By Baylor Medical Center at McKinney
Make time for yourself—and your health—this Mother’s Day
As a mom, you typically take care of everyone else in the family first. But in order to continue to play the role of caretaker for years to come, you have to look after yourself, too. In honor of Mother’s Day, give yourself the gift of good health and take the time to schedule these important screenings.
There are no sure things in medicine, but mammograms, which can find breast cancer in its earliest stages, come pretty close.
“Mammograms, which are X-ray images of the breast, can detect something two years before we can see or feel it,” says Shannon Deshazo, MD, a family physician on the medical staff at Baylor Medical Center at McKinney. “And because early detection is key to effectively treating cancer, mammograms are our best line of defense against breast cancer.”
Dr. Deshazo recommends getting a mammogram every year, beginning at age 40. “Risk increases as you age, so you never graduate from breast cancer screenings,” she says. “By the time you are 80 years old, you have a 1 in 8 chance of developing breast cancer.”
And keep in mind that you may need to start screening earlier based on family history. “Typically, we recommend women have the exam 10 years before the age that their relative was when they had their first diagnosis,” Dr. Deshazo says.
While colonoscopy gets a bad reputation, the exam’s ability to catch cancer early has made it one of the stars of the screening world.
Most adults should schedule their first colonoscopy at age 50. “There’s really no reason to do it sooner, unless there’s a family history or there’s the presence of a bowel disease, such as Crohn’s,” Dr. Deshazo says.
In addition to colonoscopies, women should start getting rectal exams by age 40 to check for blood in the stool and other potential issues.
“While these aren’t anyone’s favorite exams, they can be lifesaving. Colon cancer can remain silent until it’s too late, and it has already spread,” Dr. Deshazo says.
Heart disease is the No. 1 killer of women in the United States, according to the American Heart Association, so it’s important to stay on top of your ticker. “By age 50, every woman needs to be having an EKG and blood work every year to check the health of her heart and lungs,” Dr. Deshazo says. “Heart disease doesn’t have any noticeable symptoms, so these checks are essential.”
But keeping tabs on heart health doesn’t start at 50. Beginning at age 20, your doctor should monitor your cholesterol, blood pressure and other risk factors every five years or so. “Once you hit 40, cholesterol screenings should happen every other year,” Dr. Deshazo adds.
Be honest with your physician about risk factors, such as smoking, stress and diet. Your doctor can help you improve your habits now, which will lower your risk for heart disease in the future.
“Talking to your doctor and having these exams can help women avoid serious issues down the road,” Dr. Deshazo says.
PELVIC EXAM AND PAP TEST
In recent years, the recommended frequency of gynecological exams has changed. While most women refer to their annual screening as a Pap test, it is actually the pelvic exam that should be done every year. “The Pap smear is just a portion of the pelvic exam, and the recommendations for Pap are changing,” Dr. Deshazo says.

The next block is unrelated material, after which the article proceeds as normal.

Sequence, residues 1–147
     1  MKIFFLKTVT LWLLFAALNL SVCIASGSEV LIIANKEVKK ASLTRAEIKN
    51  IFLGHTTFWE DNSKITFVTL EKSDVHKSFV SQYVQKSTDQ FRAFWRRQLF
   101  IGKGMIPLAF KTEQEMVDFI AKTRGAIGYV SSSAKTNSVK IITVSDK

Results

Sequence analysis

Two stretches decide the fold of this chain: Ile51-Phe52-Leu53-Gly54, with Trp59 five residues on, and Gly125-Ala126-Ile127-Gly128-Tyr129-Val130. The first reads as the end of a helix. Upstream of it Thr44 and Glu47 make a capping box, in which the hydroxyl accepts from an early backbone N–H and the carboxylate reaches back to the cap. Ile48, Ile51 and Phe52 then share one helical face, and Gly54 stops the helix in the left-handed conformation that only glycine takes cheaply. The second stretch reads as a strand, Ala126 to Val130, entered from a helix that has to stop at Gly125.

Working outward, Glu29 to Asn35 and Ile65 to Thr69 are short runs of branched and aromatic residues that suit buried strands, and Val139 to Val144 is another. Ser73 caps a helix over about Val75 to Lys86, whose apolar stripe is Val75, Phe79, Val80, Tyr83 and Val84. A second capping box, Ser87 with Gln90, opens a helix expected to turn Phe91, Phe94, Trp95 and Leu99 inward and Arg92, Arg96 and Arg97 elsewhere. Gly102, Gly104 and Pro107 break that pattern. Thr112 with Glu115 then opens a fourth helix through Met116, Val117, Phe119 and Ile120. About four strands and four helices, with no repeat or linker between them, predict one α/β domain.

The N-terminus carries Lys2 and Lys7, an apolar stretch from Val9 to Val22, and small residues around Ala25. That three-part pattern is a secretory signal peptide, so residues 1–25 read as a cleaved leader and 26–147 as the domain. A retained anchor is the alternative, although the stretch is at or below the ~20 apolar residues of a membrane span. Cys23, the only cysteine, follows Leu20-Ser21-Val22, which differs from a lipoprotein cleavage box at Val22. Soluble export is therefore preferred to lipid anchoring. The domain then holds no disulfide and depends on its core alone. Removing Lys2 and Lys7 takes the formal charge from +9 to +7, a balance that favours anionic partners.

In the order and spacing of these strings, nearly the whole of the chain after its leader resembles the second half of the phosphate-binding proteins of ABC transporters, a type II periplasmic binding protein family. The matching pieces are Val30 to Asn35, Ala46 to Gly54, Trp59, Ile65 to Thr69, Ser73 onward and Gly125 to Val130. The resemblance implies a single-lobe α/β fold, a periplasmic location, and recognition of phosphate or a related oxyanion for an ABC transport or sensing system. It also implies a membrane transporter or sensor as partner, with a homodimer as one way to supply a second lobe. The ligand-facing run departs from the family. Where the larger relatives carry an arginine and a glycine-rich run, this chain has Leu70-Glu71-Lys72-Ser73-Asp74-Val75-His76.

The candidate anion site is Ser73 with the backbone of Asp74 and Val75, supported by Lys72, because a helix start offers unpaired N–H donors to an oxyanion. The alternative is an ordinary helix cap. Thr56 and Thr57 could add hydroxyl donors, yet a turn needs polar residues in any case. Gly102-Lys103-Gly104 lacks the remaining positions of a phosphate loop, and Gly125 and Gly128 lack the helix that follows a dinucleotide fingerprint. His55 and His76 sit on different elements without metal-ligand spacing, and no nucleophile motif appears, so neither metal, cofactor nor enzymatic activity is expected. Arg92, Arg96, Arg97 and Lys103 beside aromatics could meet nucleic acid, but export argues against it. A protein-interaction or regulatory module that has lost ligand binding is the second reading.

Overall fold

A pelvic exam involves a comprehensive check of your entire pelvic area; a Pap smear entails taking a few cells from your cervix to check for abnormalities, which could signal cervical cancer.
“While it used to be that women should have a Pap every year with their pelvic exam, that has changed to a recommendation of every three to five years for the Pap smear for certain populations,” she adds.
Confused? “Every adult woman, no matter her age, should get a pelvic exam every year,” Dr. Deshazo says. “Talk to your doctor about how often you need a Pap smear.” And, she says, that advice holds true for health screenings across the board: “If you’re unsure of what exams you need and when, ask your doctor. Don’t just ignore it.”
Schedule Your Screenings
Take the time to catch up on recommended exams. For a physician referral, call 1.800.4BAYLOR.
About Baylor Medical Center at McKinney
Located at the northwest corner of Highway 380 and Lake Forest Drive, Baylor McKinney features a 95-bed, full-service hospital and surrounding medical office campus. Hospital services include heart and vascular, cancer, imaging, obstetrics and gynecology, level III NICU with private suites, digestive diseases, orthopedics, general surgery, neurology, internal medicine, emergency care, and outpatient services. For information visit BaylorHealth.com/McKinney.
About Baylor Health Care System
Baylor Health Care System is a not-for-profit, faith-based supporting organization providing services to a network of acute care hospitals and related health care entities that provide patient care, medical education, research and community service. Baylor recorded more than 2.8 million patient encounters, $4.1 billion in total operating revenue, $5.3 billion in total assets and $502 million in community benefit in fiscal year 2011 (as reported to the Texas Department of State Health Services). Baylor’s network of more than 300 access points includes 30 owned/operated/ ventured/affiliated hospitals; joint ventured ambulatory surgical centers; satellite outpatient locations; senior centers and more than 190 HealthTexas Provider Network physician clinics.